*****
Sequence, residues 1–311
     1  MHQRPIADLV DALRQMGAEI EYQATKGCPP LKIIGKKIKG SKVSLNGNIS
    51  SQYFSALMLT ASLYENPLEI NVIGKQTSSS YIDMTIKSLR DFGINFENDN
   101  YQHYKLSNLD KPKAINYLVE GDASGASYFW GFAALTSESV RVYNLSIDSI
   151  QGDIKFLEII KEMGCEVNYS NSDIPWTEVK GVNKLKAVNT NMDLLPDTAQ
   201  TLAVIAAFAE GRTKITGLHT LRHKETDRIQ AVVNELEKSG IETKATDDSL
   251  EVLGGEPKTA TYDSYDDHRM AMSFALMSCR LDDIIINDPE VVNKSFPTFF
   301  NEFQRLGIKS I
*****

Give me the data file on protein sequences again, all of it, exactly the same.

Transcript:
Sequence, residues 1–311
     1  MHQRPIADLV DALRQMGAEI EYQATKGCPP LKIIGKKIKG SKVSLNGNIS
    51  SQYFSALMLT ASLYENPLEI NVIGKQTSSS YIDMTIKSLR DFGINFENDN
   101  YQHYKLSNLD KPKAINYLVE GDASGASYFW GFAALTSESV RVYNLSIDSI
   151  QGDIKFLEII KEMGCEVNYS NSDIPWTEVK GVNKLKAVNT NMDLLPDTAQ
   201  TLAVIAAFAE GRTKITGLHT LRHKETDRIQ AVVNELEKSG IETKATDDSL
   251  EVLGGEPKTA TYDSYDDHRM AMSFALMSCR LDDIIINDPE VVNKSFPTFF
   301  NEFQRLGIKS I